S. Irenaeus says (ibid. cap. 34, p. 327), “The Bread which is from the earth, when it has received the invocation of God, is no longer common bread, but an Eucharist, consisting of two parts, one earthly, the other heavenly; and so our bodies, receiving the Eucharist, are no longer corruptible, but have a hope of the Resurrection” (cp. ibid. v.2, p.400).

But while the Fathers recognized a real spiritual presence, they did not believe in a carnal Transubstantiation of the elements.[11] S. Chrysostom says (on Heb. 9:9), “We make a commemoration of Sacrifice” (i. e. of the Sacrifice once offered by Christ on the Cross); and S. Augustine says (c. Faust, 20:18), “Christians celebrate a memorial of the same past sacrifice,” “Peracti ejusdem sacrificii memoriam celebrant;” and in his Epistle to Boniface (xxiii. p.267) he declares that “the Sacrament is called a Sacrifice because it is a resemblance of the sacrifice offered by Christ.” And Gelasius, Bishop of Rome (A.D. 492— 496), says,[12] “The Sacraments which we receive of the Body and Blood of Christ are a divine thing; and yet there does not cease to exist in them the substance of Bread and Wine;” and Theodoret (Eranist. ii. p.126) says, “The Bread and Wine even after consecration lose not their own nature, but remain in their proper substance, shape, and form.”[13]

Let me here add two memorable passages from S. Justin Martyr, writing in the middle of the second century, and describing the administration of the Christian Sacraments, and the worship of the Christian Church on the Lord’s Day, when, according to Apostolic practice, the Christians came together “to break bread on the first day of the week” (Acts 20:7).

In his first Apology he says,[14] “As many as are persuaded and believe that what we teach is true, and undertake to conform their lives to our doctrine, are instructed to fast and to pray and to entreat from God the remission of their past sins, we fasting and praying together with them.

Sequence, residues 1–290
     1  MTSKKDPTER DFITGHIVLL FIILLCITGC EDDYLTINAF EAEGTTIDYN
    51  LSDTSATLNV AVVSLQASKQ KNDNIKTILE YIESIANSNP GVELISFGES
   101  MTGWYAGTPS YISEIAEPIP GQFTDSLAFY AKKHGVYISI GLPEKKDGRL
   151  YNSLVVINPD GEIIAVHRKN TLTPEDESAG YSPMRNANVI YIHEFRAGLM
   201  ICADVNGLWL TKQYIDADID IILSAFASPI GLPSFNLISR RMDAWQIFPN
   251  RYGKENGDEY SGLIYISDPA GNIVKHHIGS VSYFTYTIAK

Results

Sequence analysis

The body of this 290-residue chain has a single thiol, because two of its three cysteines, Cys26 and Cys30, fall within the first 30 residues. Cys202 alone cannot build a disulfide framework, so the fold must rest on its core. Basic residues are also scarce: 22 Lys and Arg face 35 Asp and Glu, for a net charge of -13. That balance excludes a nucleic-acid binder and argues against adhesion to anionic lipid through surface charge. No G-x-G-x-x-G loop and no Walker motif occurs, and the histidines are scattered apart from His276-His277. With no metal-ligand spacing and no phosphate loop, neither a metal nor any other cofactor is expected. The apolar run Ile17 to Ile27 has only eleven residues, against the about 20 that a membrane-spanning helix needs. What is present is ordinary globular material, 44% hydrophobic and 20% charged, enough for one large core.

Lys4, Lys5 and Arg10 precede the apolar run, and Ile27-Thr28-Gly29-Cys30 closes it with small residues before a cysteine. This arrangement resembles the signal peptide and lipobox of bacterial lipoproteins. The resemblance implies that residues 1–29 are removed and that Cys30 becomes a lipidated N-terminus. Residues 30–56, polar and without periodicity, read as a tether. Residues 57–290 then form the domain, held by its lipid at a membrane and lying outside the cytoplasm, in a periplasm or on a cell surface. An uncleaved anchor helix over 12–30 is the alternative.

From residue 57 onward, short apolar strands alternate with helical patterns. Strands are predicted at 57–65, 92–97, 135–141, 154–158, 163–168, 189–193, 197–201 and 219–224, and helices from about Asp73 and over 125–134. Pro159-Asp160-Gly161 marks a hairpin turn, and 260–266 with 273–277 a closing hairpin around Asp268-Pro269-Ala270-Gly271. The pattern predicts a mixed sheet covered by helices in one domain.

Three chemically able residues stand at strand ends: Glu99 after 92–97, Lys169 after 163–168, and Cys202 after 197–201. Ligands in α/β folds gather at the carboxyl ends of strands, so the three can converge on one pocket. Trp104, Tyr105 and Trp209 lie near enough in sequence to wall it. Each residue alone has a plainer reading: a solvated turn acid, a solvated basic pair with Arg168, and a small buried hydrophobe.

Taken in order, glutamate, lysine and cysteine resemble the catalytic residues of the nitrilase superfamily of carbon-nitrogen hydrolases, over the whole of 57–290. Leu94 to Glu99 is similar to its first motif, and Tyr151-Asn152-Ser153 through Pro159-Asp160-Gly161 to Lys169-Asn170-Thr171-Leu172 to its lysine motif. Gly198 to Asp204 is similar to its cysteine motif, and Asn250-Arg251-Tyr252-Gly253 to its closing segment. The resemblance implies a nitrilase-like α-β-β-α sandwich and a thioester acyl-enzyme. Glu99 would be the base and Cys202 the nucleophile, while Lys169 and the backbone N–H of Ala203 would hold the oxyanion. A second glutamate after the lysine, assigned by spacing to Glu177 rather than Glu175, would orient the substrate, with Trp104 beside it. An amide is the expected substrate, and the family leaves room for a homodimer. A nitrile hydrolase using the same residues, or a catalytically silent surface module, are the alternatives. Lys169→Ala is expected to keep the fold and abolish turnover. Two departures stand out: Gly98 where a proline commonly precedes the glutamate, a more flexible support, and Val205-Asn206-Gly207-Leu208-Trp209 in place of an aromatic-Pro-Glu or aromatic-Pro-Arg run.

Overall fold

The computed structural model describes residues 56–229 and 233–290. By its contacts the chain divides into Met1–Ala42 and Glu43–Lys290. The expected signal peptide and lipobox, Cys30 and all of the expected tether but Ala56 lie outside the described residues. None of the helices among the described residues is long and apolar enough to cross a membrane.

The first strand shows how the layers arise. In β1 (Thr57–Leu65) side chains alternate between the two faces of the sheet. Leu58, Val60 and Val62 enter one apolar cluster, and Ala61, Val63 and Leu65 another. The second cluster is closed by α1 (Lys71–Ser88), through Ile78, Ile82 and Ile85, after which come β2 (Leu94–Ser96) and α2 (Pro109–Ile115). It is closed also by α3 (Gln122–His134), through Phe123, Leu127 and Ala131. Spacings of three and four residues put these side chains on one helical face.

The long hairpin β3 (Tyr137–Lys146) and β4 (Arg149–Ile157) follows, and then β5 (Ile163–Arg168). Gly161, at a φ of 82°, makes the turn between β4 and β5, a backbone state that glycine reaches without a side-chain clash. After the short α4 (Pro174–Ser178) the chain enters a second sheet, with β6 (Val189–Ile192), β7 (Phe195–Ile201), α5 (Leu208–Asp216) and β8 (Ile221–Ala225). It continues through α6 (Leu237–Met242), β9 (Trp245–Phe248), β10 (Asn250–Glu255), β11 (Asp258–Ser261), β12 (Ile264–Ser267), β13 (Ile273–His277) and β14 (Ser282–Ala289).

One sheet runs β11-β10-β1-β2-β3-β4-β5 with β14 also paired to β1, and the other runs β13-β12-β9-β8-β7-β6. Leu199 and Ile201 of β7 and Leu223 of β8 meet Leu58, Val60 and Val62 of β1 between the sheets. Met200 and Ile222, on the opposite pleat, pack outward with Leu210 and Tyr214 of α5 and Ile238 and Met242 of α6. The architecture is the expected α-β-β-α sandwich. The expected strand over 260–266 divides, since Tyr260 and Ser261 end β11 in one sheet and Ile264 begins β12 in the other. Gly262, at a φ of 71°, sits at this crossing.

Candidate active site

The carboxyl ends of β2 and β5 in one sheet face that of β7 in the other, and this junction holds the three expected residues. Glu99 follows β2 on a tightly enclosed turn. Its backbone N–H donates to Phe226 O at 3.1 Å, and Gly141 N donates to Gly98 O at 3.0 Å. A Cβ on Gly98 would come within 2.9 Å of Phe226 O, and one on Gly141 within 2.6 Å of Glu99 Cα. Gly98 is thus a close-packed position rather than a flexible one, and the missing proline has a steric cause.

“They are then conducted to a place where there is water, and are regenerated in the same manner in which we were ourselves regenerated. For they are there washed in the Name of God the Father, and Lord of the Universe, and of our Saviour Jesus Christ and of the Holy Spirit (cp. ibid. p. 94, on regeneration in Baptism).

“After we have thus washed him who has expressed his conviction and assented to our doctrines, we conduct him to the place where those who are called brethren are assembled, in order that we may offer up earnest prayers together for ourselves, and for him who has been baptized, and for all others everywhere, that having iearned the truth we may be deemed worthy to be found walking in good works, and keeping the commandments so that we may obtain everlasting salvation.

“Prayers being ended, we salute one another with a kiss.[15] Bread is then brought to the presiding brother, and a cup of wine mixed with water; and he, taking them, gives praise and glory to the Father of the Universe, through the Name of the Son, and of the Holy Spirit; and continues some time to offer thanks to Him for having deemed us worthy of these gifts. The prayers and thanksgivings being ended, all the people present signify their assent by saying Amen, which in the Hebrew tongue answers to the word γενοιτο (so be it) in Greek. The President having given thanks, and the people having signified their assent, they whom we call Deacons give to each of those who are present a portion of the Bread and of the Wine mixed with water[16] over which the thanksgiving was pronounced, and they carry a portion to the absent.

“This food is called by us Eucharist; and no one is allowed to partake of it who does not believe what we teach to be true, and has not been washed with the laver (of baptism) for the remission of sins, and unto regeneration, and who does not live as Christ has commanded us to do. For we do not receive it as common bread and common drink; but in the same manner as Jesus Christ our Saviour, being Incarnate through the Word of God, had both flesh and blood for our Salvation, so we have been taught that the food having been blessed by prayer of the Word from Him (by which food our blood and flesh are nourished by transformation) is the flesh and blood of the Incarnate Jesus. For the Apostles, in the records composed by them, which are called Gospels, have declared that He gave them this command, ‘Do this in remembrance of Me.’ ‘This is My Body,’ and in like manner having taken the cup and given thanks He said, ‘This is My Blood,’ and that He distributed the Bread and Wine to them only.”